February 15, 2017 – Only Bad Dreams


“Clear your mind and get a hold on yourself and, as when awakened from sleep and realizing it was only a bad dream upsetting you, wake up and see that what’s there is just like those dreams.” – Marcus Aurelius, Meditations, 6.31

Think about this example. You have a decision to make so you evaluate the potential outcomes. Multiple scenarios are run through in your head so you can prepare for the consequences of your decision. You make the most reasonable choice, and yet you find yourself beginning to worry. What if I’m really not prepared? What if other people act in a way that creates challenges I can’t overcome? What if an “act of god” takes place?

What is the cause of this fear, anxiety or other passionate emotion? It can’t be the event itself because it hasn’t even happened.

The only fact is this: we get to choose how we react to everything in life. If we get upset because things don’t work out as planned, or to restate getting upset because we don’t get our way, it’s not unlike getting upset at a bad dream. What exactly can be controlled in a dream? Nothing. What can you control external to you? Nothing. What we can control is how we react.

Easier said than done. Sometimes we want things so badly that we lose sight of the truth that we still have choices to make. Maybe it takes longer to get there, or maybe we find a different path with a better outcome. How often have you thought, after the fact, just how petty you were being while in the throes of crisis? I can remember so many time when I’ve been paralyzed to inaction because I was so overwhelmed by failure.

Shall we lean on Nietzsche?

“From life’s school of war: what does not kill me makes me stronger”

Don’t believe the dream.

A Sunday Afternoon in the Moment


My trail map

When I was in college studying philosophy and religion one element of learning was prevalent: be in the moment. It was not necessarily a critical component to any thought or thinker, rather it was a means by which the subject matter was understood. Historical understanding of ideas aside, experiencing the idea for yourself, in your own time leads to a greater understanding of the thing.

For example, Existentialists Soren Kierkegaard and Frederich Nietzsche both penned influential and timeless evaluations of who we are and how we become. Each approached a reaction to some historical event. For the former it was Hegelian thought, the latter Christianity. Yet their reaction to these subjects required an awareness of the now and what the present impact was. From the Buddhist blog “Wildmind“:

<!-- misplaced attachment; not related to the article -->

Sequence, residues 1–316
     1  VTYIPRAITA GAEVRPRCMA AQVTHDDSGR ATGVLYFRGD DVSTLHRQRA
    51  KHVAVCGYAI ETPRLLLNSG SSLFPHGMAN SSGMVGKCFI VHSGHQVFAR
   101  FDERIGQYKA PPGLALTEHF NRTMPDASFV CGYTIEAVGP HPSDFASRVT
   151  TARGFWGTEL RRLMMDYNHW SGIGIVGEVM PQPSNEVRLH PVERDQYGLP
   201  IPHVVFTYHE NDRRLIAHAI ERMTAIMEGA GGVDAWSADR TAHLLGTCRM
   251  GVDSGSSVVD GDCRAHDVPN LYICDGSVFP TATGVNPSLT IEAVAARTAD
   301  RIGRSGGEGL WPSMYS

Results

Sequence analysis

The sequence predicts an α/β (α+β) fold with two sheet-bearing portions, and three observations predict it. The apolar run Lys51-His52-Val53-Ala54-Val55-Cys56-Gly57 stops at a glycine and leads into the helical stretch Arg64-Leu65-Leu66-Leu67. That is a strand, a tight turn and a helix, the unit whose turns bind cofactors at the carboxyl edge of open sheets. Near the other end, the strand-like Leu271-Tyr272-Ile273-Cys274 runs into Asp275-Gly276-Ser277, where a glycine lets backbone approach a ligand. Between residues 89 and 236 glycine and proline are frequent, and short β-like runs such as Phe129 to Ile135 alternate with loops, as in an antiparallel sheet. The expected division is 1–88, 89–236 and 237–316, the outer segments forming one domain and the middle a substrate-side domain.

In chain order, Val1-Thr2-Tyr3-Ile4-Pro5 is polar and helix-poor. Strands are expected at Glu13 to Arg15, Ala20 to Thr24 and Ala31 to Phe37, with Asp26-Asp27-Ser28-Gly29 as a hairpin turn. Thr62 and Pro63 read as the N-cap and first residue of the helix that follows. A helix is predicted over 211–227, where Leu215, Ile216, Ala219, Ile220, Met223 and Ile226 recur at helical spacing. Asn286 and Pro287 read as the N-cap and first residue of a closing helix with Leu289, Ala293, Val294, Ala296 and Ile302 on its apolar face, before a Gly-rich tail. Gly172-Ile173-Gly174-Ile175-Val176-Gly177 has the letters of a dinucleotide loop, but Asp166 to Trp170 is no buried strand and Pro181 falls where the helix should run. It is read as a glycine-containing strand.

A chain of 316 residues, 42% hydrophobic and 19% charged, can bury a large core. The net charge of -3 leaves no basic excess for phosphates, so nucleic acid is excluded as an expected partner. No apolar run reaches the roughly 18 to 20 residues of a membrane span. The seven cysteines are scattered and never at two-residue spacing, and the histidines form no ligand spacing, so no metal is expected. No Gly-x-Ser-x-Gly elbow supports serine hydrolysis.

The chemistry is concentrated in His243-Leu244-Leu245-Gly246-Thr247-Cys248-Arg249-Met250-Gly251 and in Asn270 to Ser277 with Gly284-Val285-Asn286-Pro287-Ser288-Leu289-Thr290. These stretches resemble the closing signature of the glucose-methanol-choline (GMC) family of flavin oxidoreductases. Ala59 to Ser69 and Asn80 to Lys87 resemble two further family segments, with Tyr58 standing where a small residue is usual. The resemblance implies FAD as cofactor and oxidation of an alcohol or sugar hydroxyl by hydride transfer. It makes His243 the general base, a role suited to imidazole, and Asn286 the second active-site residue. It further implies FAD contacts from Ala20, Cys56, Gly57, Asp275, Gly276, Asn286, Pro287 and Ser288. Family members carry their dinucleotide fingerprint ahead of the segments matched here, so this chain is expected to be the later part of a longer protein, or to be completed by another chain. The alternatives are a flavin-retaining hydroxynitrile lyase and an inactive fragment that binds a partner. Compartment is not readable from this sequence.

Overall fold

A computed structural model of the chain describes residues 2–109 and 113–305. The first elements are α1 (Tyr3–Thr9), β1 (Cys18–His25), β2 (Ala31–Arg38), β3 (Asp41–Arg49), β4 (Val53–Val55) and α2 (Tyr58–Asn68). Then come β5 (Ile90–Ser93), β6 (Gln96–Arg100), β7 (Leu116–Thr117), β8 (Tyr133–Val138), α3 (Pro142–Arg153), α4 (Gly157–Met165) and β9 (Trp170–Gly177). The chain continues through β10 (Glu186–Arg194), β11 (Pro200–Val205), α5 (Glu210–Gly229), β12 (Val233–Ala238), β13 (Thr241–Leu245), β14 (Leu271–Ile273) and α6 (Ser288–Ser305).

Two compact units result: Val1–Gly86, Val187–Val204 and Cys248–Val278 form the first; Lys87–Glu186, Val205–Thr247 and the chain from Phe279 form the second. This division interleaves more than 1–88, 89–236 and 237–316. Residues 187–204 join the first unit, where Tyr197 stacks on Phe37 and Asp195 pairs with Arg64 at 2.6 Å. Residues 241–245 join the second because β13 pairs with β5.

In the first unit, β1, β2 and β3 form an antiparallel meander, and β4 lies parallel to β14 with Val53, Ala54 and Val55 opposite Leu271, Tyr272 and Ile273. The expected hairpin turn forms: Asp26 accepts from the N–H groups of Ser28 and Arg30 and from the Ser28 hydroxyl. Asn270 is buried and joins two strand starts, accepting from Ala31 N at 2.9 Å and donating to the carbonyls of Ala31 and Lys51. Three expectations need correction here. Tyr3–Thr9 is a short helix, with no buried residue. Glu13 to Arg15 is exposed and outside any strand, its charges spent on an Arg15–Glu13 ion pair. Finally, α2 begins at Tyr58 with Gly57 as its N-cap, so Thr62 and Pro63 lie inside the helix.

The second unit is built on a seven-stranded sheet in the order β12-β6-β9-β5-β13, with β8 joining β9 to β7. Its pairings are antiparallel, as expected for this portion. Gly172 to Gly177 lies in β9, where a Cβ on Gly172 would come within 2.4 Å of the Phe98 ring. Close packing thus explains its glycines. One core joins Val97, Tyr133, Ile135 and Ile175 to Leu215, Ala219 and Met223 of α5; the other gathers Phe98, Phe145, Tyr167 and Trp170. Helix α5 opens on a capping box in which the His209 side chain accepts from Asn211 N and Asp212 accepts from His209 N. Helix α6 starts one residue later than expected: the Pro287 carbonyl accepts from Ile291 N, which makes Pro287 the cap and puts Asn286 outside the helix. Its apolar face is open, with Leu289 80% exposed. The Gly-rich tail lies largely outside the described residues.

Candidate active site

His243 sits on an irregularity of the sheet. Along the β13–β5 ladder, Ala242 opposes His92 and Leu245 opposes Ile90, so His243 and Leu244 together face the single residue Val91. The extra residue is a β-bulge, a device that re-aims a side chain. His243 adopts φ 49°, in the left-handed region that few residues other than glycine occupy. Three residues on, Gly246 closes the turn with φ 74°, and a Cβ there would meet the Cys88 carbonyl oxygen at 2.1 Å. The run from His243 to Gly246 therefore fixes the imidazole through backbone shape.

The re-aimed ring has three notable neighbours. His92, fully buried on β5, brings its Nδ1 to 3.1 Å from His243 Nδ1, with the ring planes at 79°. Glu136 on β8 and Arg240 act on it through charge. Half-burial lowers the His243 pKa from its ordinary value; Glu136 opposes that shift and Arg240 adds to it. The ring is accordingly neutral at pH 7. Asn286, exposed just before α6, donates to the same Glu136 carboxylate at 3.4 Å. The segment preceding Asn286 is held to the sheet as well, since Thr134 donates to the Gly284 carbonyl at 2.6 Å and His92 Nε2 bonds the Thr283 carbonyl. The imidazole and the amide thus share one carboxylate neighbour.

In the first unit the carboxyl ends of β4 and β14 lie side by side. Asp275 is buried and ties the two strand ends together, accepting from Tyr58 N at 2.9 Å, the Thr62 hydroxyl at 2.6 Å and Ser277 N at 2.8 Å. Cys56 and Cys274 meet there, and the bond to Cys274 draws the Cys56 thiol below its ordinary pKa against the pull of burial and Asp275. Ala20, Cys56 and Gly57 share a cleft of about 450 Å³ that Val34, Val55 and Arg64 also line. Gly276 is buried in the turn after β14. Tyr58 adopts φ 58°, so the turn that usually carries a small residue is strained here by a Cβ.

How often is a thing considered based on what it might be or what it might influence? In turn how often is the present influenced by that perception? But there are also past burdens. Things which we assume as future concerns and as such we respond without consideration as to their relevance.

Being in the moment means being mindfully aware of what is going on right here and now, in our experience, and this includes any thinking we do about the past or future. Much of the time our experience does not have this quality of awareness or mindfulness. A lot of the time we are like robots, automatically living out habitual patterns of self-pity, anger, wish-fulfillment, fear, etc. These habitual tendencies take us over and run our lives for us – without our being able to stand back and decide whether this is what we actually want to be doing. It can be a real shock when we start to realize just how habitual and automatic our lives are, and when we realize how much runaway thinking leads to states of suffering.

My friend Chris Gandy is a welcomed mentor in my endeavors, reminding me not to get caught up in the fallacies of past and future considerations. When posting stories on Facebook he will sometimes direct my attention to the purpose of the sharing and ask that I simply be in the moment, then move on to the next experience. Not to have “runaway” thoughts. It is not unlike Jesus’ parable of sowing seeds. Being distracted from the path is so easy when we become consumed by the other person.

Obviously the concept is far more complicated than the few words above but they serve as a frame to the greater discussion. It was with this in mind that I mounted my 2005 Trek, loaded up the Osprey Raptor and headed to UNF’s nature trail. There was roughly four hours of daylight left on this Sunday the first of April. For me it served as the demarcation point of winter to spring. Recently I had registered for the Jax Tri series and a 16 week training schedule was peering at me from Monday. The mind needed to purged and combining that cleansing with a slow 13 mile training ride happened as needed fact.

Rather than write of the time I will allow still moments obtained with my Blackberry 9000 to steal the credit.

A Sunday Afternoon in the Moment – Images